It’s certainly not a recent phenomenon that there are Christians who question the validity of one actually being a Christian. However, these days it seems that with the wide range of beliefs being broader than in previous generations, it seems more difficult to draw a line of distinction between a true Christian and a Christian in name only. In this day terms like Fundamentalist or even Evangelical have become negative descriptors, likened to terms such as bigot or racist. Are we, as Christians, permitted to hold firm stances about our beliefs and ask the question ‘Who is my brother?’.
In the book of Matthew, Jesus draws a line of distinction when He says “For whoever does the will of My Father who is in heaven, he is My brother and sister and mother” (Matthew 12:50). So we have a relatively clear idea of who Christ would consider a brother, those who do what God expects from those who are in Him. I say relatively clear because it is not always black and white, some cases its more evident than others and as most Christians understand, no one is able to do the will of the Father perfectly. So we cannot always rely on ones actions (or works) to make an accurate determination of one who may or may not be in Christ. If we must make a judgment to determine who is a brother, should it be based on works or on the beliefs that the individual holds or both?
In regards of beliefs, Fundamentalism has its roots in the early 1900’s, and it is generally associated with conservative or reformed Christianity. It’s purpose was to reaffirm some key theological tenets that were held by some of the countries earliest settlers, namely the Puritans. Out of those early gatherings they developed some fundamental distinctions in beliefs that one could use to identify as a true Christian. Those include such things as the infallibility of Scripture (Divine Inspiration), Virgin birth of Jesus, Christ’s death being the atonement for sin, His resurrection, and the miracles performed by Him during His earthly ministry. Anyone who disagreed with one of these would be determined to be something other than a Christian.
Yet, those who have been labeled modern Fundamentalist are generally those who go beyond these core beliefs and say about someone “if you don’t look like me, talk like me, think like me, then you’re against me” and therefore not considered a Christian. So it’s no wonder that this term as become a watch word among people who say most Christians are intolerant. So to determine who are brothers and sisters based on beliefs is no easy task. Especially with the vast amount of denominations, though it should focus on core beliefs that are definitional to Christianity, it may vary drastically from one person to another. Yet the fact remains, if one believes in Christ they should be able to answer the question “who is Christ?”.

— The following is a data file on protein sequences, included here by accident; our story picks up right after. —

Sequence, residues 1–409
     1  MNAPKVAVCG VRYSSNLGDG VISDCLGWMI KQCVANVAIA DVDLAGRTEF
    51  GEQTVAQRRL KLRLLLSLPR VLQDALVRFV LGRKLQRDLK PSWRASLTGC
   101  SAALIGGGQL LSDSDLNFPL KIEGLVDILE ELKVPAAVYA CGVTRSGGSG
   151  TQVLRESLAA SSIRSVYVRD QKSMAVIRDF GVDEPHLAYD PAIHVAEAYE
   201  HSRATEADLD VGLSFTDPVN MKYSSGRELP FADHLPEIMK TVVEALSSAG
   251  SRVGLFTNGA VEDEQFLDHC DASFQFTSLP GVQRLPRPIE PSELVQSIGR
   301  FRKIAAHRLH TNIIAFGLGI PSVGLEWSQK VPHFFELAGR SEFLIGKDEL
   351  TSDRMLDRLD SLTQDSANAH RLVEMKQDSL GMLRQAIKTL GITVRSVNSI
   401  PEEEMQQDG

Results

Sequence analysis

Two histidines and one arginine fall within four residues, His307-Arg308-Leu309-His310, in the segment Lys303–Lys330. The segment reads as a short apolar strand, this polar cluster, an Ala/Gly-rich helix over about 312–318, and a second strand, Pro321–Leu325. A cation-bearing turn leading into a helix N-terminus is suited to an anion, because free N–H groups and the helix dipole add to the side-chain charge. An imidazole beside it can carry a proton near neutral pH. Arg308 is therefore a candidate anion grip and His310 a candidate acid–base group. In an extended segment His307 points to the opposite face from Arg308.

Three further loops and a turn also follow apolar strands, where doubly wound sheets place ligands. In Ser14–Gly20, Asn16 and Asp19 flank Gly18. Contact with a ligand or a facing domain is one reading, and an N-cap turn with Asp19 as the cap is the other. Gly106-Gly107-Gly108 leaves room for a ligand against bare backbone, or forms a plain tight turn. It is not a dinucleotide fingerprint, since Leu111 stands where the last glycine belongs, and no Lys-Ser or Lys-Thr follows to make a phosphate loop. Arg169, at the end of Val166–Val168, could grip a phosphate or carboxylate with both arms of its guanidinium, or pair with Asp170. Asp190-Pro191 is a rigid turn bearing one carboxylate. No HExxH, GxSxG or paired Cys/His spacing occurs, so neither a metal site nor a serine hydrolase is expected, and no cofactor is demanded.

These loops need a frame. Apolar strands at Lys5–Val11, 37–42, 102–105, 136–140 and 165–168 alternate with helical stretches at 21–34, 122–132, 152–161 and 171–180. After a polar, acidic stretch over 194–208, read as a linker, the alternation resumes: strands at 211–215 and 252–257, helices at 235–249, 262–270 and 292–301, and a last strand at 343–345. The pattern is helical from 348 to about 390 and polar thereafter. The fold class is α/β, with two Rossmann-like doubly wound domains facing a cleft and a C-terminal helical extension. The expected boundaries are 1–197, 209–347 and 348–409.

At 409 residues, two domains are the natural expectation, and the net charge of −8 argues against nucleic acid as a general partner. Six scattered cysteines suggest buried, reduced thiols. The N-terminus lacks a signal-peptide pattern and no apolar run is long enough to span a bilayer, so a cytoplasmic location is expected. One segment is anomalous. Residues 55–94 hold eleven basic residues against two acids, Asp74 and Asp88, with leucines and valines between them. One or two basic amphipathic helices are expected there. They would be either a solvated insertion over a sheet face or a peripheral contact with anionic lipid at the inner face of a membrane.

So if we’ve determined that an individual, who claims to be a Christian, believes in the same core beliefs and they on occasion demonstrate their ability to do the will of the Father; Can we then say, with absolute certainty, that the individual is a Christian? This is still a difficult question. There is only One who can say, without a shadow of a doubt, who is in Christ and that is God alone. This is because only He is able to see within the heart of a man, and men cannot. We can only make a best guess based on the two factors we’ve determined here. Even if we made a decision would it be wise to make that judgment? What are the consequences of making such a determination?
If we judge by works: We cannot always determine if ones actions is in line with Gods will (unless definitively against Scripture), nor do we know where an individual is at in their walk with Christ (we often stumble). If we judge by beliefs: If we’re too loose or too firm in our own beliefs we may make an incorrect assessment of an individual. If we determine one is a Christian, and they are not: We might fellowship with an unbeliever, or mislead them to believe they’re counted among the saved. If we determine one is not a Christian, who actually is: We lose out on having fellowship with a brother, and may cause division among the Body.
So where does this leave us? Firstly, Christ said in John chapter 7 “Do not judge by appearances, but judge with right judgment.” (John 7:24). So do not be like the modern Fundamentalist and expect everyone to look, talk, and think like you. Secondly, be mindful of the words and actions of one who calls themselves a Christian, because “Not everyone who says to Me, “Lord, Lord,” will enter the kingdom of heaven; but he who does the will of My Father who is in heaven.” (Matthew 7:21). Lastly, do all things for the glory of God and do so in showing love for your enemies as well as your brothers. Do not withhold correction (Proverbs 27:17) or teaching (2 Timothy 3:16-17), but instead show love in giving the hard truths of Scripture. May your words be kind so that one might know His Truth and not be harsh that their heart would be further hardened.
Who is my brother (or sister)? I pray that you are!